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Appetite for Knowledge

Sneaky Veggies

USDA says that the average adult is supposed to have between 2.5 and 3 cups of vegetables a day and kids, depending on their age, should have between 1 and 2.5 cups a day. Those are a lot of vegetables, especially when so many people, particularly kids, think veggies are “yucky” unless dipped in ranch or covered with cheese. These days though, more and more people are getting sneaky about how they eat their veggies.


head of cauliflower

Cauliflower is one of the easiest veggies to sneak into your diet. People are turning cauliflower into everything from pizza crust to Alfredo sauce. Its unique texture and ability to absorb flavor make it one of the most flexible vegetables, serving as a nutritious main course or a handy substitute in gluten-free and low-carb dishes, and even desserts! It is a significant source of antioxidants, fiber, and vitamins B6, C, and K. At only 25 calories per cup, you can eat as much as you want. Smash cauliflower as a stand-in for mashed potatoes; roast it with salt and Parmesan cheese as a substitute for popcorn. You can roast it, sauté it, steam it, rice it, and purée it. Cauliflower is truly the king of the sneaky vegetables.


two green zucchinis

Zucchini is another great sneaky vegetable. Zucchini bread or muffins are an excellent way to add vegetables into a sweet and yummy package. Shredded zucchini can be added to any cake to make it moister. You will want to cut back a little on the wet ingredients because zucchini has a high moisture content. Chocolate is especially good because it covers the zucchini flavor, and if you peel it before shredding, there is not incriminating evidence.

People have been using zucchini as a substitute for noodles for so long they even have a name: zoodles. They can be used to sub for noodles. You can purchase a spiralizer and go crazy making ribbons. A spiralizer spins the vegetable and pushes it through a set of blades that cut it into ribbons. It’s the same technology that has been used for years to make curly fries, but now it is being used to turn squash and other vegetables into a substitute for long, thin noodles. You don’t need to have spiralizer to make zoodles. The julienne blade of a potato peeler or a mandolin will also work. Any type of sauce you would eat on noodles goes well on zoodles. One key is not to cook them very long; in fact, some people just use the heat of their sauce to just soften them. You can sauté, boil, bake, or microwave zoodles but for a very short amount of time. For example, don’t leave them in the water for more than a minute. The only down side to zoodles is their water content. Make sure to drain them well in a colander, and some people even pat them dry with a paper towel. Also, make sure that the sauce is not a watery sauce because the heat of the sauce will draw even more moisture out of the zoodles.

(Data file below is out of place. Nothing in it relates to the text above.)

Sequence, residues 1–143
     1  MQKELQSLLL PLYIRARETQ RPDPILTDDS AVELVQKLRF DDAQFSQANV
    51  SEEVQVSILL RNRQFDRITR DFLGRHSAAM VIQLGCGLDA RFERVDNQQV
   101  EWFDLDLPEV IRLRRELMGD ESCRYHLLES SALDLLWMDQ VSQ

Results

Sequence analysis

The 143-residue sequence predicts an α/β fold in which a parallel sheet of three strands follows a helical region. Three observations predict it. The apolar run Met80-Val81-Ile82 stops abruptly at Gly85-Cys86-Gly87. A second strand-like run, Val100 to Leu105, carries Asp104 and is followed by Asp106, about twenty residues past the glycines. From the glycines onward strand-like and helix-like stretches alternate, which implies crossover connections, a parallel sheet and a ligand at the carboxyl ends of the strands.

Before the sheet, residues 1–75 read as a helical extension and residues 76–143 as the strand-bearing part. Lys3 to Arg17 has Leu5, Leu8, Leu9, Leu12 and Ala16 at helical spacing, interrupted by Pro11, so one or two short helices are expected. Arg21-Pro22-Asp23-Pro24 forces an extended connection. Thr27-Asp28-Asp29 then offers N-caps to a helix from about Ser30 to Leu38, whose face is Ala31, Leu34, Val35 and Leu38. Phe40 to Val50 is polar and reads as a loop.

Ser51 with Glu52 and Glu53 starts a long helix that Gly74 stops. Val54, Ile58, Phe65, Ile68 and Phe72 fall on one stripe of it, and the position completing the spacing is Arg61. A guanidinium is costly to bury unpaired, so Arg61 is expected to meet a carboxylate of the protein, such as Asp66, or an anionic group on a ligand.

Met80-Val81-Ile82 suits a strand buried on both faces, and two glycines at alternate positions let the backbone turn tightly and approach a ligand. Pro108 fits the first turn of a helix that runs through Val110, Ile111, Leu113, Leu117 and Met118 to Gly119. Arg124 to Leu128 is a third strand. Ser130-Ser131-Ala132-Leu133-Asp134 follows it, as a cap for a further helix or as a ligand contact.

Sneak Them Into the Sauce

Speaking of sauce, tomato-based sauces are the perfect home for sneaky vegetables. Moms across the country are pureeing spinach, pumpkin, sweet potato, carrots, zucchini, yellow squash, and bell peppers and adding them to sauces without their family ever knowing. If you steam and puree vegetables ahead of time, you can keep them in the freezer for up to six months. Store the puree in 1-2 cup portions and add them into recipes as you are cooking and no one will be the wiser! These pureed vegetables also go well in smoothies, dips, cheese sauces, soups, chili, pasta dishes, meatloaf, casseroles, and baked goods.

Adding Nutrients and Flavor

No matter whether you are sneaking veggies into your family’s favorite meals or just trying to meet your daily recommended servings, vegetables can be added to most anything and will give your recipe a punch of nutrients and often flavor.



Cauliflower “Mac” and Cheese Casserole

Course: Main Course
Keyword: breakfast casserole, cauliflower, mac and cheese
Servings: 6 servings


  • Kosher salt as needed, plus 1/2 teaspoon
  • 1 large head cauliflower cut into small florets
  • vegetable oil spray
  • 1 cup heavy cream or whole milk
  • 2 ounces cream cheese cut into small pieces
  • 1 1/2 tsp Dijon mustard
  • 1 1/2 cups shredded sharp cheddar plus 1/2 cup for topping the casserole
  • 1/4 tsp freshly ground black pepper
  • 1/8 tsp garlic powder


  • Preheat oven to 375°F.
  • Bring a large pot of water to a boil. Season the water with salt.
  • Spray an 8×8-inch baking dish with vegetable oil spray.
  • Cook the cauliflower in the boiling water until crisp-tender, about 5 minutes. Drain well and pat between several layers of paper towels to dry. Transfer the cauliflower to the baking dish and set aside.
  • Bring the cream or milk to a simmer in a small saucepan, and whisk in the cream cheese and mustard until smooth. Stir in 1 cup of the cheese, salt, pepper, and garlic and whisk just until the cheese melts, about 1 to 2 minutes.
  • Remove from heat, pour over the cauliflower, and stir to combine. Top with the remaining 1/2 cup cheese, bake until browned, and bubbly hot, about 15 minutes.
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Extension Educators:
Shelley Balls – (307) 885-3132
Denise Smith – (307) 334-3534
Vicki Hayman – (307) 746-3531

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Extension Educators:
Shelley Balls – (307) 885-3132
Denise Smith – (307) 334-3534
Vicki Hayman – (307) 746-3531

University of Wyoming | College of Agriculture and Natural Resources | Extension

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Issued in furtherance of extension work, acts of May 8 and June 30, 1914, in cooperation with the U.S. Department of Agriculture. Kelly Crane, Director, University of Wyoming Extension, College of Agriculture and Natural Resources, University of Wyoming Extension, University of Wyoming, Laramie, Wyoming 82071.

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